The buttress wouldn't be needed if I was willing to use a wooden base instead of a ceramic one, though. You can also just do the figure down to the feet with a very small base and then dry and fire it horizontal and afterwards mount it on a wooden base. But mounting on a wood base seems like a hassle when I could just make it all one peice terracotta. Keeps my after-work down which means I can spend more time sculpting.

 

Bruno Lucchesi's "Terracotta: The Technique of Fired Clay Sculpture" is a good resource on the basic method.

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Tyler,

 

I'll definitely post in the spring when I try to use this local clay. I think I'll throw a small sample (maybe a small relief) of it in the next batch just to see how it fires, either way. Regardless of the color I'm sure I'll be happy knowing its origin. Plus, it's free and sustainable which goes with my whole ethos since I'm trying to give my work away for free as well and want to keep my costs down...

 

I think I'll try 05 for the next batch and 04 for the following if that works...

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Benzine,

 

Good to know that raku is a possibility, but I don't see the need to subject anything to such stress if you're not looking for the effects -- on the other hand, I would like to do wood-fired work if I ever have the facilities to do so (as a fuel/firing system, not for the wood-ash, etc)... And of course, I would absolutely love raku and unpredictable wood-ashy stuff if I were going to make a simple form that was purely decorative or functional...

 

Your figures have a lot of varying thickness but overall are quite small, so I'm not sure how different things would be with, say, a 36 inch figure (if I wood-fired then I'd probably be working quite large since I wouldn't be limited by affordable electric kiln-size as much anymore)... also people coming from a ceramics background who then come to figural work tend to work very different than people coming from a sculpture background, so I wouldn't consider the success of their firings to indicate that mine might be so... For example, I would never find myself carving clay and I work lots of small pellets, strictly *additively* whenever possible, putting nice little air pockets all throughout the piece probably... if my work was sliced in half it would not look very well made by ceramic standards...

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Hi,

A couple ideas: try the Sheffield MGB : it is based on the native clay but with a good bit of grog for sculptural applications: it does NOT have lots of Red Art in it so it is not as red and staining as regular terra cotta clays. Without all the Red Art is is a much more tame color. Still orange /red though to some extent: if you take it up to 01 or 1 even, it will get browner.

 

Another idea is to go with a low fire white with grog and add a bit of Mason Body stain to get your desired color.

Or do a tinted slip over either clay to get your color would be another approach.

Just some thoughts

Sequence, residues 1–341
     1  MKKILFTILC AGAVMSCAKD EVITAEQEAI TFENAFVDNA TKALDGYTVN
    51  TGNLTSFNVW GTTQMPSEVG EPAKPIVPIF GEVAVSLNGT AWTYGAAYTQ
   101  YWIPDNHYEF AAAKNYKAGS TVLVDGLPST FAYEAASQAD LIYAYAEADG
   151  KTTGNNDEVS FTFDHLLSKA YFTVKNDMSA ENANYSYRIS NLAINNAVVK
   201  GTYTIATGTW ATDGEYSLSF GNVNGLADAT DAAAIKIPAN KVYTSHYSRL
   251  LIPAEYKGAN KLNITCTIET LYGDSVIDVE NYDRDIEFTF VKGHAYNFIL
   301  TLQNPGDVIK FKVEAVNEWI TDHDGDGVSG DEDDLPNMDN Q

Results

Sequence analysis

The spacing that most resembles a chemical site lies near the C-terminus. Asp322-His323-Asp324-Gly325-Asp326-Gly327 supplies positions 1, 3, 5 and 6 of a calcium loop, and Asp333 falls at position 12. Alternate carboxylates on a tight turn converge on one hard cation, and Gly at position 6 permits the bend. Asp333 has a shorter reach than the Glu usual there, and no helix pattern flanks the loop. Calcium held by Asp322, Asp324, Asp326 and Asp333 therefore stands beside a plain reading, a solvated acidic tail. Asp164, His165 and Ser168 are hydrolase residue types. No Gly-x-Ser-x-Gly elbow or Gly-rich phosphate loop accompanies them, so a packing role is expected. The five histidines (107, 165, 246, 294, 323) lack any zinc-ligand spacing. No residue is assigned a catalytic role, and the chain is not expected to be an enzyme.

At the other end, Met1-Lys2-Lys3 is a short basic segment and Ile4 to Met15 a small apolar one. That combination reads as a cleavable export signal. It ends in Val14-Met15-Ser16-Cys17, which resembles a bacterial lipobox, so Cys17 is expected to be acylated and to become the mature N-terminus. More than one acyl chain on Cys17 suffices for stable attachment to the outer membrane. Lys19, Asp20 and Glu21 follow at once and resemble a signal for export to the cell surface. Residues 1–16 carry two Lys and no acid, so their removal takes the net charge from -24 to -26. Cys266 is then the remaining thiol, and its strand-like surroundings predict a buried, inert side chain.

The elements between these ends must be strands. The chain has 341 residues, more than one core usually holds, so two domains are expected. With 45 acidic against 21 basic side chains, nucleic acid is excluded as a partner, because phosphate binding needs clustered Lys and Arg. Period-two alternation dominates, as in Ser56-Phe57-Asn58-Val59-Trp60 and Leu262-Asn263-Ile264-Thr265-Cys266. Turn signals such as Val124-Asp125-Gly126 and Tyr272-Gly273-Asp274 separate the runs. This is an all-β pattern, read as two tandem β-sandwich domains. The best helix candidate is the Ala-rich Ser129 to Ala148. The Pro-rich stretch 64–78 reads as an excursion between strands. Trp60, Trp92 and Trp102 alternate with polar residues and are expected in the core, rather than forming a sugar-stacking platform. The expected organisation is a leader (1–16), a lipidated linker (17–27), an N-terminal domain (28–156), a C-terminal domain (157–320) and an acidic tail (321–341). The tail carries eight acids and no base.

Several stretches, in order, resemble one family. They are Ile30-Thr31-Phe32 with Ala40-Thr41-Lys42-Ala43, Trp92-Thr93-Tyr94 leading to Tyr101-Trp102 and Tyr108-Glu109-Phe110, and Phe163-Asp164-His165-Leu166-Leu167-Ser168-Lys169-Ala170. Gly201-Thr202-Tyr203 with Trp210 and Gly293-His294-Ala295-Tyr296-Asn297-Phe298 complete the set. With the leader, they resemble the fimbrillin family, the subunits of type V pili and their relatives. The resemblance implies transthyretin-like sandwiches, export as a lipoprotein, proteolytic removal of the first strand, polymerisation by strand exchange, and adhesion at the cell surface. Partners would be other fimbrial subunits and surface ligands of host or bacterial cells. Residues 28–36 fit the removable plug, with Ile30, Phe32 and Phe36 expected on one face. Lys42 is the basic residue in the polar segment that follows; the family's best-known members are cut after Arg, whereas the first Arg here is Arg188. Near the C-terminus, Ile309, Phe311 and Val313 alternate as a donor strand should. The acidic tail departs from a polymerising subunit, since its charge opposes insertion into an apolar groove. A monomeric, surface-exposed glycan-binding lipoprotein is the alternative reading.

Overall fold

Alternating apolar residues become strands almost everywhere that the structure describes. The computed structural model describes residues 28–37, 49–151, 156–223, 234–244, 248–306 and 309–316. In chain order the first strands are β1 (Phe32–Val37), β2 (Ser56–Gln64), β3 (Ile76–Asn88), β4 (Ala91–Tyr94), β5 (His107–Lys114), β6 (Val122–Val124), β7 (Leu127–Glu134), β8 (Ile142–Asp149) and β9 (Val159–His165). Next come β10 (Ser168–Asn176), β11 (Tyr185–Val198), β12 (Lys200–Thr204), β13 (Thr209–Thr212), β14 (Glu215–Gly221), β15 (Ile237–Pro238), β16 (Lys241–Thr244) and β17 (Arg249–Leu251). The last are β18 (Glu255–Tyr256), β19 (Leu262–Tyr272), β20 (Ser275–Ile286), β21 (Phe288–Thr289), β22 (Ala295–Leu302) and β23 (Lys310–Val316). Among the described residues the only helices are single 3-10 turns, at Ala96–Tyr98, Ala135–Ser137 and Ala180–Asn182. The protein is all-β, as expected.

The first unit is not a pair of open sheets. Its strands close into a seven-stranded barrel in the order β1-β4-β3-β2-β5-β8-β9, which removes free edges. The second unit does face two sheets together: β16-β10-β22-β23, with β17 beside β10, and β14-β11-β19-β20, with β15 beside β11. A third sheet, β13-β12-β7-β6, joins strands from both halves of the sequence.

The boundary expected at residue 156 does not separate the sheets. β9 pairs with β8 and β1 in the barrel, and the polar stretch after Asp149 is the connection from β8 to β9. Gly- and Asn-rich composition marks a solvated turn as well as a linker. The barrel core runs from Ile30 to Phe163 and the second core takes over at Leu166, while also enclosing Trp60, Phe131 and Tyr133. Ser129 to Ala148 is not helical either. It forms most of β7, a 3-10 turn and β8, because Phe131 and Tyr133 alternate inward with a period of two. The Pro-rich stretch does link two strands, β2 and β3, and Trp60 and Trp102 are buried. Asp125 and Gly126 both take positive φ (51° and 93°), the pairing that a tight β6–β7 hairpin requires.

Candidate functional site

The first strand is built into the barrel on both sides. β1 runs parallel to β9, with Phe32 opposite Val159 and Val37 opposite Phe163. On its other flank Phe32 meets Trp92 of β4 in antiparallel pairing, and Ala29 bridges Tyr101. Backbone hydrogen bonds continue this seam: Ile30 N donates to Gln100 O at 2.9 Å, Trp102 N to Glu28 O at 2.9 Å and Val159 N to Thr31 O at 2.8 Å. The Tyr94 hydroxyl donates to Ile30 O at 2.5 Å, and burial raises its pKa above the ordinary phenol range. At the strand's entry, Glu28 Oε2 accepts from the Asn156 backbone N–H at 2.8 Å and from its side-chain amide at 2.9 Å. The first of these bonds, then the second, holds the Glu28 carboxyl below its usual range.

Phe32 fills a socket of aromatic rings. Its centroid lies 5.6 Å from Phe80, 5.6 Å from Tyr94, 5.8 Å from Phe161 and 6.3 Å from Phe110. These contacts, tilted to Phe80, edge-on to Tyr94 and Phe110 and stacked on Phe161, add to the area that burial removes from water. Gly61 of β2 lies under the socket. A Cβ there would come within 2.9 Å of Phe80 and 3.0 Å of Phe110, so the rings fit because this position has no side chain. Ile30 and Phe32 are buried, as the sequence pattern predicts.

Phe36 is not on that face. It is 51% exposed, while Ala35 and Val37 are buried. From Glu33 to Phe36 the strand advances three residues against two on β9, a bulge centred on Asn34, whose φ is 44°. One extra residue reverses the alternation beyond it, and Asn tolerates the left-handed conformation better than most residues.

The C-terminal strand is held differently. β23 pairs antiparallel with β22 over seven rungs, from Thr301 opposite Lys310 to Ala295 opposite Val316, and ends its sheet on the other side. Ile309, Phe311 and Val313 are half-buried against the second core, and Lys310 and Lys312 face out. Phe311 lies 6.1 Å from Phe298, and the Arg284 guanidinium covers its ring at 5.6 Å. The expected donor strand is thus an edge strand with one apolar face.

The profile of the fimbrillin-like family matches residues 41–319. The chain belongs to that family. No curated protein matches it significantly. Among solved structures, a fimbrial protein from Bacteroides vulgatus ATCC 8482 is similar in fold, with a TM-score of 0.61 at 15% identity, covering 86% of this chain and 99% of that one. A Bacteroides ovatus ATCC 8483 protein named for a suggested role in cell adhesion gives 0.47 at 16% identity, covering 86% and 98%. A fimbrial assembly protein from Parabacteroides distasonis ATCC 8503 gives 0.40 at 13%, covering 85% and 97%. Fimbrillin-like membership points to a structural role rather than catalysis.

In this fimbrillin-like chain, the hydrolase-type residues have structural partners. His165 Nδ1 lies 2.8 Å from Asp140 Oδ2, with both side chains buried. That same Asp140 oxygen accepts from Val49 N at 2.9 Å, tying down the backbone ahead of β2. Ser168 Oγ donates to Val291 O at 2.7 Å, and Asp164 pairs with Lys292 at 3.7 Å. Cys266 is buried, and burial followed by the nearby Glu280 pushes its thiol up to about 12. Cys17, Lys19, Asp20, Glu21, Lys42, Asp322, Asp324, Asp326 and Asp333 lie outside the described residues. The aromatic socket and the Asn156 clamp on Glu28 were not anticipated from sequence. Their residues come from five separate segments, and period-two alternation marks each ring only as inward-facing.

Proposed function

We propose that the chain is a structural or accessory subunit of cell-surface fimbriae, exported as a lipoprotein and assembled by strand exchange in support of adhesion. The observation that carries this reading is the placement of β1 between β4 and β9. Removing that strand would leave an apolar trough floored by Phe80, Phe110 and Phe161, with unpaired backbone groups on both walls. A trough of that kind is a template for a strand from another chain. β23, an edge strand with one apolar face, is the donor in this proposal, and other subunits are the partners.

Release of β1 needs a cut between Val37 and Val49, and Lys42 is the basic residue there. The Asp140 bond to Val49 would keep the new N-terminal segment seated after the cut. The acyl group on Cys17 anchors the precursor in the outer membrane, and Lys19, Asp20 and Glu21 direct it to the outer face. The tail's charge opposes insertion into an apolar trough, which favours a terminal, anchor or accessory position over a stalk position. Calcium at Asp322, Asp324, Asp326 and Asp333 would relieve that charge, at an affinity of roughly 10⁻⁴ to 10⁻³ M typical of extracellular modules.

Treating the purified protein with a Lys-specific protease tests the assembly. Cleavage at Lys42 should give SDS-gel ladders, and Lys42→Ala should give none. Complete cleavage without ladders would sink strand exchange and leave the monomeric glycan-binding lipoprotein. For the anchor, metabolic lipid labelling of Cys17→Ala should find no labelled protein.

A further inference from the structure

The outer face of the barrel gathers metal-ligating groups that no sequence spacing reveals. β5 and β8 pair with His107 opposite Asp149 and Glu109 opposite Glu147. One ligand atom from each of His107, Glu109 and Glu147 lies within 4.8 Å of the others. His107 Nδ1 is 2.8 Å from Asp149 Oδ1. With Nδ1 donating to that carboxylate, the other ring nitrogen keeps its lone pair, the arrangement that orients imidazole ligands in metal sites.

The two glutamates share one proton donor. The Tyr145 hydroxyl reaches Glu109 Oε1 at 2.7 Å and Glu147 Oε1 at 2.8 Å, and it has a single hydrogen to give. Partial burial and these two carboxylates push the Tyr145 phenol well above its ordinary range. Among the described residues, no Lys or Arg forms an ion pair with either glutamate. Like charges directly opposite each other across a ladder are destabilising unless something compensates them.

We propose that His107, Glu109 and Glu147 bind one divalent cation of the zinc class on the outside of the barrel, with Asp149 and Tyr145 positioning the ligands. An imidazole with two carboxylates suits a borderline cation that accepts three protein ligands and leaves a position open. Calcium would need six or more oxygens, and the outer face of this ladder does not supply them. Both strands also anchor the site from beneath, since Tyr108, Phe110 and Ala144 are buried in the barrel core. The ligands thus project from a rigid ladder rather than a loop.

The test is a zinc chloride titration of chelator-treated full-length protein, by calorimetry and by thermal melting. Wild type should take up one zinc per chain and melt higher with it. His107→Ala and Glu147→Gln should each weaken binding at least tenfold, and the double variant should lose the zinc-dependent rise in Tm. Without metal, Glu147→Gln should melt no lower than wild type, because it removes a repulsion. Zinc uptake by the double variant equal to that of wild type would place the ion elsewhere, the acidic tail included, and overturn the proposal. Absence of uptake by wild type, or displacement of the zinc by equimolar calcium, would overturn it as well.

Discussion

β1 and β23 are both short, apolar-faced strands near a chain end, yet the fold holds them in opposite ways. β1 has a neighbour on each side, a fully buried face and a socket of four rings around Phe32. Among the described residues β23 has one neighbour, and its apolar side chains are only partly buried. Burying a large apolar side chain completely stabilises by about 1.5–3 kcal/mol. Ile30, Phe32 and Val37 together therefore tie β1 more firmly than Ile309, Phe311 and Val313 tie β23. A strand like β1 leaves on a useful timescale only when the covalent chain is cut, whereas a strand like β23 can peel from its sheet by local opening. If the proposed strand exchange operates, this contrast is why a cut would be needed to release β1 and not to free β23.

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timbo_heff,

 

I'm right on your line of thinking: I just called sheffield this morning and am swinging by on Wednesday on the way to visit family in the Hudson Valley. I was thinking I'd get a few boxes of MGB, and also try the same formula with less("Mass Red") or no("Sheffield") grog... I'm okay with orange/red depending on intensity, I think I will definitely try firing a tiny bit higher to toast it a bit darker.

 

I thought about that with the white body, exactly that in fact because I just bought some mason stain the other day to try adding to slip for a patina (ended up not doing it though). I was thinking, though, that if I was going to take white moist clay and dye it brownish, I'd be better off just mixing the clay from scratch since I was guessing it'd be quite a bit of work to get it evenly dispersed...

 

Thanks!

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If you want to try adding stain to your clay, mixing it from dry is easiest, but adding stain to very wet reclaim slurry with a drill and a paint mixing bit is very doable.

Another tack might be to do a surface application of some sort of flux, such as Gerstley Borate, borax or soda ash. Maybe even baking soda, in the name of using something inexpensive and sustainable. Spraying with a spray bottle *or brushing on a solution of any of these will bring out the iron content by fluxing it gently on the surface, and your structural integrity isn't altered in any way.

 

 

*(Don't put a solution of soda ash in a spray bottle: it hardens badly. )

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hanee, I think your work looks good by any standard.

 

My figures are small.  They were partially limited by my Raku kiln size/ the size of my reduction bins.  Also, it was for my home, and I really had no idea where to put it, so I didn't want to go too large.  I just had the idea to make it, where it went after that...

 

You mention using local clay.  I will note something, from my experience.  I was given some blue green found clay, by a coworker.  It fired to a golden yellow color.  However, it was extremely weak.  I could snap a bisqued half inch thick test tile, I made, in half with my bare hands.  It definitely needed some additives.  A classmate of mine in college, brought in a similar clay.  She had it fired, in a scrap bowl, to see what would happen, at the glaze temp (I think Cone 6-8?).  It melted pretty well.  It was quite a puddle, but it was getting there.